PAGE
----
Ealing Labour has lost the argument

Julian Bell head in handsIn his last chance to lay out Labour’s case for the local elections this Thursday Labour leader Julian Bell had nothing positive to say. No new ideas. No policies to explain. Instead he laid into the local Conservatives.

He first talked about proposed changes to the NHS. He blames the “Tories” for these changes without mentioning that the driver for “Shaping a Healthier Future” is Labour’s own £20 billion Nicholson Challenge programme which was kicked off in 2009 by Andrew Burnham. Labour’s attempt to rebrand their own policy has been going on for four years now. The proposals we are having to endure were dreamt up by NHS managers in response to a financial constraint that was built into the NHS already in May 2010. None of us like their donut solution which leaves our borough with an A&E hole. But, the courts agreed the process was sound when the council took it to judicial review. The Independent Reconfiguration Panel agreed with NHS North West London’s proposals. The only actor in this whole drama who has given Ealing any relief is the Secretary of State, Jeremy Hunt. Bell and Labour may denigrate Hunt’s promise but it is the best we have had so far. What you will not hear is any Labour politician saying that Ed Balls is going to spend £20 billion undoing Nicholson. Come on Cllr Bell – if Labour is going to undo these changes let’s hear about it. So far we have a promise from Hunt and nothing from Labour.

Bell then goes back to the cuts chant he has been repeating for four years. His argument is rather undermined by council questions (questions 41 and 42), formally answered by council officers, that show that the council is spending much more money than it was in 2010 and is employing the same headcount pretty much. After “unprecedented cuts” the council is the same size as, or even bigger than, it was in 2010. Once you get out of the local government finance hall of mirrors you are left with a huge organisation that is still huge.

Again, you will not hear any Labour politician promising to unwind the tighter financial settlement being imposed on councils.

Labour is trying to scare voters with stories about how extravagant the Conservatives’ pledge card is – at least ours makes some promises unlike Labour’s which is not exactly tangible. In reality our promises are very modest and affordable.

Three years of council tax freeze are already built into the council’s medium term financial strategy (MTFS). The MTFS assumes that parking charges will not rise. The garden tax pledge will cost about 0.15% of the council’s total spending. The roads promise is a choice – there are lots of things we won’t do but we will prioritise the road outside your house. Labour found the money for a useless car park in Southall. Any spare money will go on the road outside your house if the Conservatives are in charge.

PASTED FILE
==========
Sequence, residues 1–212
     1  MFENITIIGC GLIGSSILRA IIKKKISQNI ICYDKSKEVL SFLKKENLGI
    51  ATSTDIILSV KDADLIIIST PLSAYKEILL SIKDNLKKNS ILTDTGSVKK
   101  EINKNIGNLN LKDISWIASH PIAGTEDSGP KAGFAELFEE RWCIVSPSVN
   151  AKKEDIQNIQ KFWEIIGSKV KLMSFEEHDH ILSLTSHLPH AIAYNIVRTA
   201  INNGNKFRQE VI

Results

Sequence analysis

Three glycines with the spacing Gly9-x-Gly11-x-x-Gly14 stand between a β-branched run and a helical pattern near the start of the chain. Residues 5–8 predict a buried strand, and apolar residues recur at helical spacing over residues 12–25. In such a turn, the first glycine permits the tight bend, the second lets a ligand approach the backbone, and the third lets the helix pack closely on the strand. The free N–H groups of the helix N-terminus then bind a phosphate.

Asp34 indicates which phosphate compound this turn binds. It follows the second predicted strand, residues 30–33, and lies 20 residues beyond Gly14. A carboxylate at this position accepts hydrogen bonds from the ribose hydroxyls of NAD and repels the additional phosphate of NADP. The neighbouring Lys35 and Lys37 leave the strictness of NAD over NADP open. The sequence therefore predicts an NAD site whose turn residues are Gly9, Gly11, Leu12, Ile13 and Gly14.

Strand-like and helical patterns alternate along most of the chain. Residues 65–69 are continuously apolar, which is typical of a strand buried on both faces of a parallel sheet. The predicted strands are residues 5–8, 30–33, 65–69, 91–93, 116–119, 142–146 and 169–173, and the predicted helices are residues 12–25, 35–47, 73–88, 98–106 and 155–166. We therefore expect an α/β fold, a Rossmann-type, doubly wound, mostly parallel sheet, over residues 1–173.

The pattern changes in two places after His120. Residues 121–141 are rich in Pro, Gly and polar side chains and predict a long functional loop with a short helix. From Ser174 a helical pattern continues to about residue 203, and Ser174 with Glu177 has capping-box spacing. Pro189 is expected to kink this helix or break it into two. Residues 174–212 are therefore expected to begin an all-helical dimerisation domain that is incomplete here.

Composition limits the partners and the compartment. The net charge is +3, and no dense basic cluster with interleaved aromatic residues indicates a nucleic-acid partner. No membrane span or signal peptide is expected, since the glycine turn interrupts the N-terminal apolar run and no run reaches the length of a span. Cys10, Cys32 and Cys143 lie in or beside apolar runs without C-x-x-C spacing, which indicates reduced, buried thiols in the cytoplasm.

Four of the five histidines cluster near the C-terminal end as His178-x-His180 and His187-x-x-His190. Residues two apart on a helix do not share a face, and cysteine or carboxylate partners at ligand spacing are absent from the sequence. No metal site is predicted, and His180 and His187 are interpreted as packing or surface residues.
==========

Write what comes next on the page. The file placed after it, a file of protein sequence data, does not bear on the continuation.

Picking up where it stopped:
Julian Bell and the Ealing Labour party have lost the argument. They are left with cheap insults and scaremongering. The fact is that everyone is talking about the Conservative offer and they like what they see.

Freeze strap

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2 Responses to Ealing Labour has lost the argument

  1. Henry says:

    Good result for the Tories then. Surely that should tell you that the people of Ealing whole-heartedly support the Labour Council and Ealing is very much a Labour borough (having also voted against Johnson in the Mayor Elections of 2012)? Ealing has conclusively voted Labour and rejected the Tories.

  2. Mark Walder says:

    Do not give up!

    The karmic wheel goes around and will go around again. There are plenty of focii in Ealing, especially the Northfields and South Ealing area that demand your attention. The Ealing Fields Residents Association needs someone to champion its campaign to stop the relentless onslaught of the illegal building work going on on the Assyrian House in South Ealing. The West Ealing Neighbours needs someone near the top that isn’t a complete nincompoop like Eric Alan Leach. The Ealing Civic Society, the Ealing Hstorical Society, the Selbourne Society… all could do with professional input. The potential is there to have the Assyrian House turned into a listed building (a classic of its times with its beautiful cupola when it was St Mary’s Church Hall), and the trees around it could have tree preservation orders put on it. Then the cupola could be restored….
    Rupa Huq’s family businesses (try the free company director search facilities provided by various organisations on the Internet) bear scrutiny as the General Election looms.
    There is so much to do…
    If you want to do more business-oriented things I think that you should try writing analysis on technology and related markets for organisations such as Gartner Group (high end), or Frost and Sullivan (low end). Both use “freelance” material and it can be very well paid. I would not advise consultancy – try non-customer facing analysis.
    I am deeply suspicious of anyone senior in the BBC or associated with the BBC so your comments have not upset me. However, possibly an examination of the philosophy of truth, points of view and multiple truths might serve to give you insight into the situation you are in. The thing is not to do a Dennehy and go UKIP!
    Personally, from your interest in local issues and the content of your blogs I think you are more of a Liberal Democrat than a Conservative at heart.
    On a final note, I have, on occasion been on the sharp end of some of your enthusiasms, and while I have forgiven you the damage you caused, I still think that an examination of truth, and the multiple truths that can be associated with a given instance in time or given situation may help you to break through into bigger things.
    Best regards,
    Mark.

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